Tennessee’s economy feels effects of COVID-19- In addition to the loss of life and strain inflicted on the state’s health care system due to COVID-19, the response effort to curtail the deadly pandemic has resulted in a tumultuous economic environment in Tennessee. This includes unemployment claims which have climbed to shocking heights and revenues that have plummeted at record speed in an unprecedentedly short period of time.

During the week of June 1st, the Tennessee Department of Labor announced 314,135 unemployment claims were paid to Tennesseans with payments totaling $285.7 million. The latest unemployment figures illustrate the tough challenges ahead for Tennessee. Unemployment stands at 14.7 percent, which surpasses the previous all-time high figure of 12.9 percent in 1983. This comes after more than a year of historic low levels of unemployment in Tennessee. In January, the rate was only 3.3 percent.

State revenues have suffered huge losses due to COVID-19 effects on Tennessee businesses. In April state revenues fell by -41.88 percent. Until COVID-19, revenues had exceeded budgeted estimates every month, with January’s growth rate reaching almost 11 percent. These factors are among the reasons that four leading economists have projected revenue shortfalls for Tennessee ranging from $231 million to $700 million for the current fiscal year that will end on June 30th. Predicted losses for the upcoming 2020-2021 fiscal year were even grimmer, ranging between $582 million to $1.5 billion.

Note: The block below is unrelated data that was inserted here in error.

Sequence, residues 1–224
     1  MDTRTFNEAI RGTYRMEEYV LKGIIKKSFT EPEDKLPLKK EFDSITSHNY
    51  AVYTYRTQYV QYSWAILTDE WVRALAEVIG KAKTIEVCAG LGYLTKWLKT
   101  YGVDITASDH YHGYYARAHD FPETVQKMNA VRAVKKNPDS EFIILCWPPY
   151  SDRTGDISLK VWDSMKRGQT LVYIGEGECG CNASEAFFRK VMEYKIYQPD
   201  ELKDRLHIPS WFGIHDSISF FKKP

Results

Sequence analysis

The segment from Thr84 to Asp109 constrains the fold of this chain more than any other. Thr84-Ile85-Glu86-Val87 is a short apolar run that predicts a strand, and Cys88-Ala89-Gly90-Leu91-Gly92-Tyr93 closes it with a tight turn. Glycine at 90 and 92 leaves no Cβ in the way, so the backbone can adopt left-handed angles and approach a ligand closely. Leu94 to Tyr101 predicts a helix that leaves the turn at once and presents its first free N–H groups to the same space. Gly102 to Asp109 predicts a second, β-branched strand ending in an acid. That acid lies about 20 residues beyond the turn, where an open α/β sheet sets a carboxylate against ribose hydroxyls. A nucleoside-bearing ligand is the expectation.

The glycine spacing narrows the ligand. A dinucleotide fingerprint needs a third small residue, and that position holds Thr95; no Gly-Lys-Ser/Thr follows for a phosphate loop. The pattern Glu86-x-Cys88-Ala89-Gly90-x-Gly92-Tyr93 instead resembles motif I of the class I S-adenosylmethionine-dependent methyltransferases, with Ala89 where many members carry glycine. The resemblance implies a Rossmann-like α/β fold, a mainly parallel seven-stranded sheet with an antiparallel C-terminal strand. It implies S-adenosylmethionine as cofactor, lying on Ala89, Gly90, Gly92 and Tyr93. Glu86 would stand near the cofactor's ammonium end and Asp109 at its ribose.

New Tennessee Business Relief Program will assist small businesses impacted by the COVID-19 Crisis- Lt. Governor Randy McNally joined Governor Bill Lee and House Speaker Cameron Sexton to announce a new relief program for Tennessee businesses affected by the COVID-19 pandemic. The Tennessee Business Relief Program will direct approximately $200 million in federal Coronavirus Relief Funds through the Tennessee Department of Revenue directly to small businesses that qualify. Roughly 28,000 Tennessee businesses are expected to qualify, with more than 73 percent of those businesses earning annual gross sales of $500,000 or less. The Tennessee Business Relief Program amounts awarded will be based on the annual gross sales of the business. The types of small businesses and other details about the program will be posted on the Department of Revenue’s website in the coming days.

Contact Senator Hensley at

425 5th Avenue North, Suite 746

Nashville, TN 37243


Toll Free 1-800-449-8366 ext. 13100

Fax 615-253-0231

855 Summertown Highway

Hohenwald, TN 38462

Phone 931-796-2018

Cell Phone 931-212-8823

E-mail: [email protected]